Elderly women who lose weight may have a lower risk of developing breast cancer than those who maintain or gain weight, according to a large US study.
While obesity has long been associated with an increased risk of breast cancer, previous research offers a mixed picture of weight loss opportunities to help reduce this risk. For the current study, researchers evaluated weight and height to calculate the body mass index (BMI) for more than 61,000 women twice, three years.
Subsequently, the researchers followed women for an average of 11.4 years. During this time, 3,061 women developed invasive breast cancer.
Compared to women who had a fixed weight during the initial three years of the study, women who lost at least 5% of their body weight in the first three years were 12% less likely to develop breast cancer over the next decade about.
"Our results are consistent with a woman who can reduce the risk of cancer even if she remains overweight or obese after losing weight, since almost none of the women in our team's current analysis has lost weight enough to succeed normal weight ", the author of the study, Dr. Rowan Chlebowski from the City of Hope National Medical Center in Duarte, California.
"This should be an encouraging result for women, as moderate weight loss can be achieved by many, while weight loss sufficient to return to a class that is not suffering from obese or overweight is quite difficult," said Chlebowski via email.
All women in the study had gone through menopause when menstruation and hormone production stopped drops of estrogen. After menopause, the main source of estrogen in women is fatty tissue. being overweight or obese can increase the risk of cancer because estrogen can help in the development of tumors.
"Women who are overweight or obese probably have an increased risk of postmenopausal breast cancer because of the increased hormone levels associated with adipocytes," Dr. Daniel Schauer of the University of Cincinnati College of Medicine, who did not participate in the study.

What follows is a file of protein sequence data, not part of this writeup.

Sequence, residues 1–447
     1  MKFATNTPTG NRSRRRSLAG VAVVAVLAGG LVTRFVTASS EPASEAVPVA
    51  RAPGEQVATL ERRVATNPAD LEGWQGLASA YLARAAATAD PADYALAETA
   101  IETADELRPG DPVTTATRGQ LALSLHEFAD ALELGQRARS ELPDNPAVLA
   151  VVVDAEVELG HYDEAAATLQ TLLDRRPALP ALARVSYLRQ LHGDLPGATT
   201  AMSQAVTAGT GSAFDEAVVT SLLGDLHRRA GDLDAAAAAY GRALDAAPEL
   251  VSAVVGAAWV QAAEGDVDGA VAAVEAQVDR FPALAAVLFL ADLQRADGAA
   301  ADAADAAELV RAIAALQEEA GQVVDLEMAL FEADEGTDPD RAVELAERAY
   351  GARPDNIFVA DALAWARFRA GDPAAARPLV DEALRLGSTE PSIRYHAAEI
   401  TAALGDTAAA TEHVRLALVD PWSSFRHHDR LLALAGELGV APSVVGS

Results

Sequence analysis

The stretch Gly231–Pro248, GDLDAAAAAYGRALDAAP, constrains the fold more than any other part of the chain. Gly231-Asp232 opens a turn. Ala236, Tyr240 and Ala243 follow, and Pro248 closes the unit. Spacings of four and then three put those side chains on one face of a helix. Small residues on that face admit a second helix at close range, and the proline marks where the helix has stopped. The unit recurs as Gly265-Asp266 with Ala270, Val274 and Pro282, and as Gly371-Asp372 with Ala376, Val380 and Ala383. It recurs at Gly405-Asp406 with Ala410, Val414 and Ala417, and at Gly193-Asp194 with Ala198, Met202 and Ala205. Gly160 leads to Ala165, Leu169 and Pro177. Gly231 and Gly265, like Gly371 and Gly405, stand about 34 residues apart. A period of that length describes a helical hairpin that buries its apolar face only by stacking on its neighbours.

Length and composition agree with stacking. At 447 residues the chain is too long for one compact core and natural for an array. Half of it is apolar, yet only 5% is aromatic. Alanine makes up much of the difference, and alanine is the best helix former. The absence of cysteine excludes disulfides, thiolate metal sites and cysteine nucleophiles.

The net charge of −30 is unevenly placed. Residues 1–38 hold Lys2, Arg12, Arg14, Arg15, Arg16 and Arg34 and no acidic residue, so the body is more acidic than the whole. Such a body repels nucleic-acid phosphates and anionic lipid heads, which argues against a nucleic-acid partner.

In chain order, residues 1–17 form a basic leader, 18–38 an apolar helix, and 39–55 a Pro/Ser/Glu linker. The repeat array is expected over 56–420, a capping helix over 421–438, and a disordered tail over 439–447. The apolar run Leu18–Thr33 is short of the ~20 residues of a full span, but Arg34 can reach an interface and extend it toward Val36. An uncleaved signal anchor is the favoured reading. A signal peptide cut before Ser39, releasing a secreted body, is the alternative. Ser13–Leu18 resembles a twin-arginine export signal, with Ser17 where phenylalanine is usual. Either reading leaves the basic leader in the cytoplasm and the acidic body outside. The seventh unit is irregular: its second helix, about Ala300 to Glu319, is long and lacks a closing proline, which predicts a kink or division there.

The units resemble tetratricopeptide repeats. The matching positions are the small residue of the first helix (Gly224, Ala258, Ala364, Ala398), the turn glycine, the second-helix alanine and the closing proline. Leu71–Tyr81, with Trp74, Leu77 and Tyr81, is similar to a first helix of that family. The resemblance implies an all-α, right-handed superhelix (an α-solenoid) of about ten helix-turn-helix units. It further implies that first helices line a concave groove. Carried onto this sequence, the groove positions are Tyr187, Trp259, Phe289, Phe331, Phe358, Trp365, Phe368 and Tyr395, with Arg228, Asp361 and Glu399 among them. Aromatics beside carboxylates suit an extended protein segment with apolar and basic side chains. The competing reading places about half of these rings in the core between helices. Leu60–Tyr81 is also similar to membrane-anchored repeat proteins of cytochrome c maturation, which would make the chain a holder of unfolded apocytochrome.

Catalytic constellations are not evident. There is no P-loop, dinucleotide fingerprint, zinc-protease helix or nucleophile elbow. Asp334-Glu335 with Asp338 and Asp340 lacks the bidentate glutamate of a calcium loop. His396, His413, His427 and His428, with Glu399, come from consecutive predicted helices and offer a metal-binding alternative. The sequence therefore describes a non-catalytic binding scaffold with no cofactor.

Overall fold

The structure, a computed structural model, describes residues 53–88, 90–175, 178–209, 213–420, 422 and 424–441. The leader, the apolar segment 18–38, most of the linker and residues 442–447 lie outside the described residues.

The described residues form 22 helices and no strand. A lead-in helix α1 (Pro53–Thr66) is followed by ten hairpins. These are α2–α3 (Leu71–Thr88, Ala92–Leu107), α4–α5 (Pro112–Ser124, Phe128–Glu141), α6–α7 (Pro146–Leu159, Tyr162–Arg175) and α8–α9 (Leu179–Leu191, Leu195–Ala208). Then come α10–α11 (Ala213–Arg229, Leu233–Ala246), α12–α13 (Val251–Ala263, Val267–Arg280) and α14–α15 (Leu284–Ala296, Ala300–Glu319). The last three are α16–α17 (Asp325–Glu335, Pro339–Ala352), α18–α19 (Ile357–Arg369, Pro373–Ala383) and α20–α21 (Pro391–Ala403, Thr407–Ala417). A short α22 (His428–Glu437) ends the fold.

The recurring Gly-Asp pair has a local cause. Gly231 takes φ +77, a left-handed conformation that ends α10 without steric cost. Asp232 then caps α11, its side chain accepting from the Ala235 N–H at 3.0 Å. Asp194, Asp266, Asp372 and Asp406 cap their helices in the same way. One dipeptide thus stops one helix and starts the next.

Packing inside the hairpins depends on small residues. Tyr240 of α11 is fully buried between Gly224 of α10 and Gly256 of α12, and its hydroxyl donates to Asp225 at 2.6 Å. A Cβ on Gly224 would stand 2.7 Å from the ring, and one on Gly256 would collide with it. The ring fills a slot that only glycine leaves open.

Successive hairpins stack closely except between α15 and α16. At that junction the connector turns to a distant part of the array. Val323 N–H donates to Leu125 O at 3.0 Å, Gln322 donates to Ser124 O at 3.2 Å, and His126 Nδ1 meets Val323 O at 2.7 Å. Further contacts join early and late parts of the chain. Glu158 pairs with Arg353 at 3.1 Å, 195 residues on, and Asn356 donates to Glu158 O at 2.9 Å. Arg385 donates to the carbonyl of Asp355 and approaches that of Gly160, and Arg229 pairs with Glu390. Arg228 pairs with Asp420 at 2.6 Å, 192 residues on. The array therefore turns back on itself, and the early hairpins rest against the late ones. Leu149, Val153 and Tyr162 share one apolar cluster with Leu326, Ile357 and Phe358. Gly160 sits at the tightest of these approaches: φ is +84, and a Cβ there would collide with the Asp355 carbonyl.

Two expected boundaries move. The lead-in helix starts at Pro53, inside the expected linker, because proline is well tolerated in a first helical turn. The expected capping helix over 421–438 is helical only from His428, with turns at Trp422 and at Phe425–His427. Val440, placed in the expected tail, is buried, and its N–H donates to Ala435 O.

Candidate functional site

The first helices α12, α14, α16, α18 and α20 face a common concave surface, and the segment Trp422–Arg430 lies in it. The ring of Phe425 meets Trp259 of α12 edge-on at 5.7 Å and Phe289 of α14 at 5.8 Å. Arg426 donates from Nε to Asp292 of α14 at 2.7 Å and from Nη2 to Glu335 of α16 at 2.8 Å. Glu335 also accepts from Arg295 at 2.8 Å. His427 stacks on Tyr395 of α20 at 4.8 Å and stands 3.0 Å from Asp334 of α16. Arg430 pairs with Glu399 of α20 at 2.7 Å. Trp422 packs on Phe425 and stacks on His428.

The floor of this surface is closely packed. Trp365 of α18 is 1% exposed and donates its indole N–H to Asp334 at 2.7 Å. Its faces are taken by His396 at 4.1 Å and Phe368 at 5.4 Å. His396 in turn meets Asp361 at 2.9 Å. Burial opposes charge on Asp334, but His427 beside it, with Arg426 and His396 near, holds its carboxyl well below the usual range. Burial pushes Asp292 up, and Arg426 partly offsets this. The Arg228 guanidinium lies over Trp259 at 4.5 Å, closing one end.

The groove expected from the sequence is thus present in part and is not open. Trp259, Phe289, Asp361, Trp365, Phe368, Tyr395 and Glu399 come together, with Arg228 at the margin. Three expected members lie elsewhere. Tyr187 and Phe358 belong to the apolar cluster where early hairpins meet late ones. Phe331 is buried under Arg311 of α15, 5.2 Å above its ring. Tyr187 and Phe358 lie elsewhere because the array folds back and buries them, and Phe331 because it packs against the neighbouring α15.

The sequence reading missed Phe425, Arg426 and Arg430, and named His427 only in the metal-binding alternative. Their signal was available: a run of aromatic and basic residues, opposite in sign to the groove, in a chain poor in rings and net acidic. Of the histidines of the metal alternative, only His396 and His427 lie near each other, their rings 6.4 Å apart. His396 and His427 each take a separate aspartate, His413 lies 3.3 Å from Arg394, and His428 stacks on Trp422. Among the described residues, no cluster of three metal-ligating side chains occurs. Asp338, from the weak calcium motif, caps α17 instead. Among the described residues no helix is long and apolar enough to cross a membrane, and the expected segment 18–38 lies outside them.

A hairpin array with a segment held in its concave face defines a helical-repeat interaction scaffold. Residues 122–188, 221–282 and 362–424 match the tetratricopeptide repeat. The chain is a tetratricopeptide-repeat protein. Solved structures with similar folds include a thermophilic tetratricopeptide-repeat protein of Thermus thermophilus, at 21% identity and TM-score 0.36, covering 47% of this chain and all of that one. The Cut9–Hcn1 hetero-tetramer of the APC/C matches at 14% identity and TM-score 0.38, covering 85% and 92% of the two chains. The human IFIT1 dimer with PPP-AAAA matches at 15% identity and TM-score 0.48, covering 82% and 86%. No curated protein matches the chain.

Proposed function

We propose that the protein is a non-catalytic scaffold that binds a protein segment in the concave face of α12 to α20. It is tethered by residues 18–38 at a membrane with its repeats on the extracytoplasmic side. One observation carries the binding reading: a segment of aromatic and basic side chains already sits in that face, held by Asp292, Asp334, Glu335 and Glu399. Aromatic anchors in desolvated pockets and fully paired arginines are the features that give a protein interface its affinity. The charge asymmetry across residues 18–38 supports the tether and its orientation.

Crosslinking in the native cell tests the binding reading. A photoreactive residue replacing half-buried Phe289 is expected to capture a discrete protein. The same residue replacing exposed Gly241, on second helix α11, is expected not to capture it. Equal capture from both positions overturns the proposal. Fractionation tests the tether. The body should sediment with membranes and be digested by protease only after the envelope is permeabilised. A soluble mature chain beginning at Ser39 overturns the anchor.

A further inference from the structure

"These hormones, especially estrogens, can promote the development of postmenopausal breast cancer," Schauer told Reuters Health by email. "Weight loss reduces levels of circulating hormones."
Among the approximately 41,000 women in the study who had a fixed weight during the initial three years, the participants had an average BMI of 26.7, which is considered excessive.
The 12,000 women who gained weight during the study also started with an average BMI of 26.7.
Women who lost weight started heavier.
The approximately 3,300 women who lost weight unexpectedly started with a BMI of 27.9 and half of them lost more than 17 pounds. Women who lost weight deliberately started with an average BMI of 29.9, just shy of the BMI cut of 30 to be considered obese, and half of them lost more than 20 pounds.
Weight gain of 5% or more was not associated with an increased risk of breast cancer as a whole, researchers reported in the Cancer journal. But this weight gain was associated with a 54% higher risk of developing a "triple negative" breast cancer, an aggressive and difficult to treat cancer.
The study was not a controlled experiment aimed at demonstrating whether and how changes in body weight over time could directly affect the risk of developing or death from breast cancer.
Researchers only measured the weight of women twice at the beginning of the study and again three years later, and any changes in women reported after that were not verified by medical examinations.
For most people, weight moves over time, said Dr. Graham Colditz of the University of Washington Medical School in St. Petersburg. Louis, who did not participate in the study.
"So the first realistic goals are to work to stop winning. There are health benefits to that, even if you're overweight," Colditz said by email.
"After that, proper and slow weight loss is a good goal," Colditz added. "Five to ten pounds is a great beginning that is easier to maintain over time."
SOURCE: bit.ly/2AreUsz Cancer, online October 8, 2018.